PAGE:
What this does
This a VST3 (on Windows/macOS) and Audio Unit (just on macOS) plug-in. It spatialises audio presented in several popular stereo and surround formats, so that the virtual speakers are correctly located and stay locked to your environment as you move your head.
You can use it to watch films, listen to music, or get a perspective on your work when you’re creating many kinds of immersive audio. It works at any sampling frequency you throw at it, without downsampling your audio.
Why it exists
The reason for creating the head tracker was to have a reliable, off-the-shelf platform for researching VR audio. This plug-in achieves most of the rest of the project.
- It showcases what the head tracker can do when it’s harnessed to a decent rendering engine;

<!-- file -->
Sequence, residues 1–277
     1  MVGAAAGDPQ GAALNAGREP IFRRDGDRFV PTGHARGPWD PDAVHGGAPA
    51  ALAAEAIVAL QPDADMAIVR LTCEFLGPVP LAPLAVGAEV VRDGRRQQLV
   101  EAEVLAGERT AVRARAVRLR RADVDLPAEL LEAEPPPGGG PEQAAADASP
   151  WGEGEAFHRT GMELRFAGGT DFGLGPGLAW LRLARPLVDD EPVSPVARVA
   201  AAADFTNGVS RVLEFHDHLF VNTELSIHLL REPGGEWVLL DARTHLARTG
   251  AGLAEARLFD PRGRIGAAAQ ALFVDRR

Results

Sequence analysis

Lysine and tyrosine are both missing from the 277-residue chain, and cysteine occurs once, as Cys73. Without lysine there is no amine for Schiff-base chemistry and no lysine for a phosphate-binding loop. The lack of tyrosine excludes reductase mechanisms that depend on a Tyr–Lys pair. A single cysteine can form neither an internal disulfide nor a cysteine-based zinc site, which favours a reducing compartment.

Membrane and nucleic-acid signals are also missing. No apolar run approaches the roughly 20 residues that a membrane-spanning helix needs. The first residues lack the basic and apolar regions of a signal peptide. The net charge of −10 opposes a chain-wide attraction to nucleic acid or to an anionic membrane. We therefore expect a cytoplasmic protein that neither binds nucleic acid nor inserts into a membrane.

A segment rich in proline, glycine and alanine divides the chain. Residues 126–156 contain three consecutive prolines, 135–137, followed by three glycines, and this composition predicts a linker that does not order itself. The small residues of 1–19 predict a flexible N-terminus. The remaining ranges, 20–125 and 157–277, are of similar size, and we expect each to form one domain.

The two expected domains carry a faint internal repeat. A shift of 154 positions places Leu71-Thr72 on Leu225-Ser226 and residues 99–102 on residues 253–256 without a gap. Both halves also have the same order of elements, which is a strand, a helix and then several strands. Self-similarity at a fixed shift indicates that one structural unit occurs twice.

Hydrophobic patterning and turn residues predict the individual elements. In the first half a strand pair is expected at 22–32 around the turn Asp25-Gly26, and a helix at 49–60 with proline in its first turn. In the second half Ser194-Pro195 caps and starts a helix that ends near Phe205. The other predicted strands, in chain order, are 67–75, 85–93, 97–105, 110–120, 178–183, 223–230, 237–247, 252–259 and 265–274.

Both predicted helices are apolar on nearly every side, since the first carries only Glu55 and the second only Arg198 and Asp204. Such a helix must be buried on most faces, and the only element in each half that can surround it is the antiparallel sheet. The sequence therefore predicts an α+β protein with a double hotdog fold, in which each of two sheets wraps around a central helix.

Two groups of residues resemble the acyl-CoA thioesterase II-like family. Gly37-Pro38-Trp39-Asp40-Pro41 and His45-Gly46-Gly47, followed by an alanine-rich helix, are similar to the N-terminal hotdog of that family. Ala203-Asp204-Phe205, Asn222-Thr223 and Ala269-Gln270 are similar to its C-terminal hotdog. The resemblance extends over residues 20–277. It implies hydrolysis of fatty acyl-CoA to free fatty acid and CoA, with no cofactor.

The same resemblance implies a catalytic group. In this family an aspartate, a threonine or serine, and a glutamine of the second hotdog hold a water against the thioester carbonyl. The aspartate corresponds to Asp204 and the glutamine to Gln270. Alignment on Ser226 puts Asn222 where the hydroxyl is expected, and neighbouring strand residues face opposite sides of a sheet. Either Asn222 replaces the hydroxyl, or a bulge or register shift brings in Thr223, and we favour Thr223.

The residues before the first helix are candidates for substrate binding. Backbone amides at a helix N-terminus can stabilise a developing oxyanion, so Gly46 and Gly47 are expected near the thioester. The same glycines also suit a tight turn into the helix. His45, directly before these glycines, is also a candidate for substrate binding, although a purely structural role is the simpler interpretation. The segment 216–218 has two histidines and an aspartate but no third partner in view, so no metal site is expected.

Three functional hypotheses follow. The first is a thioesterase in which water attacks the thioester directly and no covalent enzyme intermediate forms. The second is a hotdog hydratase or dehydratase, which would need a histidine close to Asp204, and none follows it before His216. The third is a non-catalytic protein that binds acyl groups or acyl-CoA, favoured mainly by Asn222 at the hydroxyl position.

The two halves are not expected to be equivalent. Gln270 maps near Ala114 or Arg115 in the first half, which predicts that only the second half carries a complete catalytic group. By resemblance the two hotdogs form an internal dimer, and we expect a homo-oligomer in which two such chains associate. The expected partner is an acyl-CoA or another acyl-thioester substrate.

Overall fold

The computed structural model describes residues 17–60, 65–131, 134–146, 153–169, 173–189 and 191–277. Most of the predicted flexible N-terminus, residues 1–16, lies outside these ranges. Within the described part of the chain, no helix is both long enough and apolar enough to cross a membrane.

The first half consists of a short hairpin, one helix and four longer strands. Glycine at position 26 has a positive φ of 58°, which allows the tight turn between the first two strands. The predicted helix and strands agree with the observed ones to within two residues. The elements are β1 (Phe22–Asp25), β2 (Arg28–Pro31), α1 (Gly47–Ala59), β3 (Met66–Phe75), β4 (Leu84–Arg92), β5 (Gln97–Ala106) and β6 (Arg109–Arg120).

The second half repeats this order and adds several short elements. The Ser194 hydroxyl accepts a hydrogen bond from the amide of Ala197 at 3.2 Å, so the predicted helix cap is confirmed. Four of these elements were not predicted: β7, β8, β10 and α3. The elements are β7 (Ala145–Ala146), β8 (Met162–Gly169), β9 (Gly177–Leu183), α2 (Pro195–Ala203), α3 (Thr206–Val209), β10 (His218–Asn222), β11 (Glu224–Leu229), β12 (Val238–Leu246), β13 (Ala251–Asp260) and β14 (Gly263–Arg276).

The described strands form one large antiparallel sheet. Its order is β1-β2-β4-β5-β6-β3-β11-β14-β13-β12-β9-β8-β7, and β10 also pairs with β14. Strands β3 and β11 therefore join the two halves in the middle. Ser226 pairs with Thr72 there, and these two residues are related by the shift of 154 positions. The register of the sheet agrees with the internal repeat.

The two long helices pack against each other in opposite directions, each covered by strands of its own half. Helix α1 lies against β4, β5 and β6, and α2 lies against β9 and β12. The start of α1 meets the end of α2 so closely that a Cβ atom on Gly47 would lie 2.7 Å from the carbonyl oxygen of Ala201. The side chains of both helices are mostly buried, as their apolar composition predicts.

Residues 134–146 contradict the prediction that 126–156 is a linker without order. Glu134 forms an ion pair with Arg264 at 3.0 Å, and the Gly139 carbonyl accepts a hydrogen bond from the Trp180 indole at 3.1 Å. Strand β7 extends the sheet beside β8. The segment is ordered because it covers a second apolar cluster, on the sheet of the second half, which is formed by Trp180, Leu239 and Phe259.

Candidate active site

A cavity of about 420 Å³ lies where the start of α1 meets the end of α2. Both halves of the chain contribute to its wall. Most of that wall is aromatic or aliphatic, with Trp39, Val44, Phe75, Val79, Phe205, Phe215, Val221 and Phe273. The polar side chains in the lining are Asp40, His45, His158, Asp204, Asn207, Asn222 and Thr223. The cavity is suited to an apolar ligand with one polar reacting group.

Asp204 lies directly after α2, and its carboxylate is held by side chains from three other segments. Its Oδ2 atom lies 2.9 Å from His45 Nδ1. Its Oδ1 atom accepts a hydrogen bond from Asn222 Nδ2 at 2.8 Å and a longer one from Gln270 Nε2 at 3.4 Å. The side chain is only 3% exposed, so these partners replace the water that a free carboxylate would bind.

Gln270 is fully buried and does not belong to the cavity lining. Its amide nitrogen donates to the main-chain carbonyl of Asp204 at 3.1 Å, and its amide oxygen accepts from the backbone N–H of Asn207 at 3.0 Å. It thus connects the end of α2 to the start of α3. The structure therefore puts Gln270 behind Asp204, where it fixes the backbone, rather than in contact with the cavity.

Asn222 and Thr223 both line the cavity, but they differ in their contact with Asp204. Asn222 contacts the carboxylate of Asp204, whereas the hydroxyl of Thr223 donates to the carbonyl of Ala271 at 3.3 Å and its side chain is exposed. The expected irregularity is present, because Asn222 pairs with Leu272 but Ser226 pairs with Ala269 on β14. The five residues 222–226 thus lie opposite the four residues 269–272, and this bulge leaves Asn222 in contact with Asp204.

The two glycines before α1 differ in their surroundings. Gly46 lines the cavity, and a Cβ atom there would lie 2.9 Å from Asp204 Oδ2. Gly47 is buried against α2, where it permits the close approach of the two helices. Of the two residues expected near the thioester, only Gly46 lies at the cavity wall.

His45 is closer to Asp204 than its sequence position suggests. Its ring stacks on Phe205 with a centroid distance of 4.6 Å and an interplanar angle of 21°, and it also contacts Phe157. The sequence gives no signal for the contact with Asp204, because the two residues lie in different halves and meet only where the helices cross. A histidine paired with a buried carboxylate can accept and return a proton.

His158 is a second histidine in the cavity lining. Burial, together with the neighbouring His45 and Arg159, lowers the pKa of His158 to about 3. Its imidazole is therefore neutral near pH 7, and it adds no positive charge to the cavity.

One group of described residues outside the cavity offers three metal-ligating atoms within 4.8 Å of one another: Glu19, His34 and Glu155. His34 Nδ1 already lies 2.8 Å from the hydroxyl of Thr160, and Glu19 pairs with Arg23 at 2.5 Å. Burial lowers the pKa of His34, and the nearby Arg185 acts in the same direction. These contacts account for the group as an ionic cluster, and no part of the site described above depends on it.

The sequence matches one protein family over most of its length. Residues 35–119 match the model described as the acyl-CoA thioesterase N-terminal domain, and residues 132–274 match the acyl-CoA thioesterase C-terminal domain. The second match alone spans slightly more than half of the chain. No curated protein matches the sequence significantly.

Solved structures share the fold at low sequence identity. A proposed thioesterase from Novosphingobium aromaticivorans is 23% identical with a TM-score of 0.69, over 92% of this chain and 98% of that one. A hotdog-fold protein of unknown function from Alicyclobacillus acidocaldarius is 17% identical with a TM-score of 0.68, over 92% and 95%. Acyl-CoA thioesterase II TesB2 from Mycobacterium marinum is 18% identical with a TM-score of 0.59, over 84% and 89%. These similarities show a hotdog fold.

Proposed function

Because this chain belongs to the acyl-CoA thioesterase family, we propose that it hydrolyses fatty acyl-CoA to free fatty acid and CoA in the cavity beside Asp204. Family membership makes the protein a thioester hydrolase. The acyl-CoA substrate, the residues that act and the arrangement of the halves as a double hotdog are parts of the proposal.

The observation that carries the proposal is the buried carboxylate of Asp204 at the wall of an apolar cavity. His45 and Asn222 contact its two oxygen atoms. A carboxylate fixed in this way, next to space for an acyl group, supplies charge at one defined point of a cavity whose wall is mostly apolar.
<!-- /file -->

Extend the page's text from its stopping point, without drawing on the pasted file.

- It’s a customer of our free Head Tracker C++/JUCE API;
- It’s a test bed for binaural/VR experiences that may end up in other things;
- It allows Supperware to test, debug, advertise, and improve this code, and the assumptions that underlie it.
Installation and use
Each of these zip files contains a .vst3 file that is peculiar to that operating system and has to be installed somewhere specific:
- Windows VST3
Unzip and copy into C:\Program Files\Common Files\VST3
- macOS VST3
Unzip and copy into ~/Library/Audio/Plug-Ins/VST3 (hold down the ‘Alt’ key in Finder’s ‘Go’ menu to get to Library the easy way).
- macOS Audio Unit
Unzip and copy into ~/Library/Audio/Plug-Ins/Components (hold down the ‘Alt’ key in Finder’s ‘Go’ menu to get to Library the easy way).
When you run a digital audio workstation, it should then find the plug-in automatically.
You’ll need three things:
- A digital audio workstation that can run VST3 plug-ins, and preferably can open a video window (Logic, Reaper, Tracktion …)